Step 1: Import Your Contacts

Twitter allows you to to import contacts from Gmail, Hotmail and your own address book. Do it.

Step 2: Make Sure that Your Profile is Complete

Fill in all the fields (both required and optional) and include your website URL. You can also personalize your Twitter page to match your company’s branding.

Step 3: Understand the Dynamics of Twitter

Twitter is a social tool, not a classifieds site. These are some tips that will help you to get followers:

  • Don’t spam others about your specials
  • Follow other users
  • Be active in the community (tweet and post comments about others’ tweets often)
  • Only post useful and relevant information
  • Don’t tweet every 5 minutes. It becomes annoying.
  • Engage in conversations. Retweet (reply to others’ tweets) often
  • Don’t promote your company directly. Do it the smart way. For example, if you sell widgets, write a buyer’s guide about the kind of widgets that you sell and tweet about that blog post. That is useful information. Avoid tweets like “Great Widgets On Sale – Starting at $9.99!”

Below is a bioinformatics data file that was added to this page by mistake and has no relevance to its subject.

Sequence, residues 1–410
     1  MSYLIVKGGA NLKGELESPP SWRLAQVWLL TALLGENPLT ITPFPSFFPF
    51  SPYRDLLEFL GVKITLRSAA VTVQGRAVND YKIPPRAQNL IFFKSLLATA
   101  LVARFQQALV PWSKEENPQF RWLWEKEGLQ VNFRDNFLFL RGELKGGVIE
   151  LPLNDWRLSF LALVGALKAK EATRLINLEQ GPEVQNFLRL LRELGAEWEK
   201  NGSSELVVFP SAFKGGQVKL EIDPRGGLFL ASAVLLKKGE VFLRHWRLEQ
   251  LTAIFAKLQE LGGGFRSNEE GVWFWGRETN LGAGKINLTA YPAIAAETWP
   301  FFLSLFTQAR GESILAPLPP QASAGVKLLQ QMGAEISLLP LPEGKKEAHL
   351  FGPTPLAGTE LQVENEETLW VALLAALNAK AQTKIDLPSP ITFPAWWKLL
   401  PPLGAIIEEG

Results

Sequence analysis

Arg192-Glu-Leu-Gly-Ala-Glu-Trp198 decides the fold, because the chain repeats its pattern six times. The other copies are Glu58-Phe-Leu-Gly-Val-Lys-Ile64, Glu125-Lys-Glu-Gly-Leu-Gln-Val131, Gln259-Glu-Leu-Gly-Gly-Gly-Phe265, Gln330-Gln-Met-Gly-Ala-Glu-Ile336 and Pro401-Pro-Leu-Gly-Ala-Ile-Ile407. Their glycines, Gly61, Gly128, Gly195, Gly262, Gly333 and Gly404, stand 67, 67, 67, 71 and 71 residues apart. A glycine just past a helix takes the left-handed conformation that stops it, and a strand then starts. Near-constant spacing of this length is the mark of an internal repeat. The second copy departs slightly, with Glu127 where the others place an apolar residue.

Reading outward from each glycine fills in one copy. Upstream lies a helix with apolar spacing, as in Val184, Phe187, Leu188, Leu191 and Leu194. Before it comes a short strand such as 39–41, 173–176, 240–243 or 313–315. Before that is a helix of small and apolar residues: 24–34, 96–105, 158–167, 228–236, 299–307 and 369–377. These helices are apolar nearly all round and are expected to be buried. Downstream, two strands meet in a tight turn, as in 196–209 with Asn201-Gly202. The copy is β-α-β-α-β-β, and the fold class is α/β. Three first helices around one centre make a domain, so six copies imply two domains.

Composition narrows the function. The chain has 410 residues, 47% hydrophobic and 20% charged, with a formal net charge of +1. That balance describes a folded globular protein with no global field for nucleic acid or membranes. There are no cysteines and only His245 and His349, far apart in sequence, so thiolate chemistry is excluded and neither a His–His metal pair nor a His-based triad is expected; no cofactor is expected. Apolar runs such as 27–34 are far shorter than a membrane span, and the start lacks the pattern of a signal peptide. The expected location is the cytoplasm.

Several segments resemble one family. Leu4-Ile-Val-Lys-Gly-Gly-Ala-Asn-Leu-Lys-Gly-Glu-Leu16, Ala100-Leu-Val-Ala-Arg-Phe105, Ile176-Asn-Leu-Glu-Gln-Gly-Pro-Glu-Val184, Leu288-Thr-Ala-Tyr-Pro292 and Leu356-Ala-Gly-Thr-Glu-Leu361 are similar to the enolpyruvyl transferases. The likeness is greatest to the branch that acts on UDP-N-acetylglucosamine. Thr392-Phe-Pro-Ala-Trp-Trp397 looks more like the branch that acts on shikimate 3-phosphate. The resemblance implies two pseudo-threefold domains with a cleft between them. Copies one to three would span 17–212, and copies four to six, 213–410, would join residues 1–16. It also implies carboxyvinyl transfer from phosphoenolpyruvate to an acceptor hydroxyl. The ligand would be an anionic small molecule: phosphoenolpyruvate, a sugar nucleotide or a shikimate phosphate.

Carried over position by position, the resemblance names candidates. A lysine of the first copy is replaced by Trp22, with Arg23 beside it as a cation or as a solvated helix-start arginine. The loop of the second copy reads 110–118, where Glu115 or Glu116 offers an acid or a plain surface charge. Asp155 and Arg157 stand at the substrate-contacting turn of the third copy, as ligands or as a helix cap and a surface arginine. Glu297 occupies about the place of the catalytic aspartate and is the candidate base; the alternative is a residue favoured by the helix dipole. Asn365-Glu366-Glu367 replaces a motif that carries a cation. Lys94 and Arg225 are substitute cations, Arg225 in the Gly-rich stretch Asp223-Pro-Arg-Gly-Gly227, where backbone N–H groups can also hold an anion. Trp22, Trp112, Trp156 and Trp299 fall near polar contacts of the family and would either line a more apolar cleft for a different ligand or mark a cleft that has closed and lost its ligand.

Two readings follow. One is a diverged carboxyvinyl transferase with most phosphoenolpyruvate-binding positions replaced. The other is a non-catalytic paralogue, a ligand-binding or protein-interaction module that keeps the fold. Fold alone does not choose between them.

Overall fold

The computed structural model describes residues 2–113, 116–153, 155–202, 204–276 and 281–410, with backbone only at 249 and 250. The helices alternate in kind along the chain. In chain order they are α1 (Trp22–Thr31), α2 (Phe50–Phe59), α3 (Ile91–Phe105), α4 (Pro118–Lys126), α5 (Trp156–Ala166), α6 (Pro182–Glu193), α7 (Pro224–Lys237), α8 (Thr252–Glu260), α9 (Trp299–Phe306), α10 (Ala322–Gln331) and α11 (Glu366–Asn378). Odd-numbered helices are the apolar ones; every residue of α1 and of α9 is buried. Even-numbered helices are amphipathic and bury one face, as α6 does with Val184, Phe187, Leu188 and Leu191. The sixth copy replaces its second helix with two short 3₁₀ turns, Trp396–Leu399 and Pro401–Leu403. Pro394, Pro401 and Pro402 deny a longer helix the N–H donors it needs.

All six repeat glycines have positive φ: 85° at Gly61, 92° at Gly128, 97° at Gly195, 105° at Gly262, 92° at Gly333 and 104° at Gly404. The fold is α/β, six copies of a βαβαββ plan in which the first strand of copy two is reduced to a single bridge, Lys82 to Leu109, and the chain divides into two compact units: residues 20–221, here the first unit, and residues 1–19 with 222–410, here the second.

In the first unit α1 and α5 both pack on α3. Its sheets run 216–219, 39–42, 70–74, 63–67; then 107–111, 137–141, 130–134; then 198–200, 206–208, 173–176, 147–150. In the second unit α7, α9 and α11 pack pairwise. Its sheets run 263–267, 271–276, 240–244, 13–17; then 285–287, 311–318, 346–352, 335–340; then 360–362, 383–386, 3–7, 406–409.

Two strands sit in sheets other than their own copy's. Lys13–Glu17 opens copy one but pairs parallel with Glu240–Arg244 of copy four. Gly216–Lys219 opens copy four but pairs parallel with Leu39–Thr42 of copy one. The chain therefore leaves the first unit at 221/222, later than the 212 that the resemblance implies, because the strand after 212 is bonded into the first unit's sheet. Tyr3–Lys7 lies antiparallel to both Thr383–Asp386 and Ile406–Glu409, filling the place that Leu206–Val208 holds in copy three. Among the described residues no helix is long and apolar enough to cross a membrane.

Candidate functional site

Step 4: Build Your Followers Base

There are many things that you can do to build your followers base:

  • Put a link to “Follow Me on Twitter” everywhere (your email signature, forums, website, and business cards)
  • Every time you post on your blog, invite people to follow you on Twitter
  • Search for Twitter users whose followers base you would love to have for yourself. See who is following them and follow those users. They will follow you back.
  • See who is following your friends and follow them.
  • There are Twitter directories that are great to find members who are likely to follow you. Examples include Just Tweet It and Twellow.
  • Use Twitter’s search feature to find profiles that interest you. Use Twitter’s RSS feed to be notified every time a tweet containing a certain keyword is made.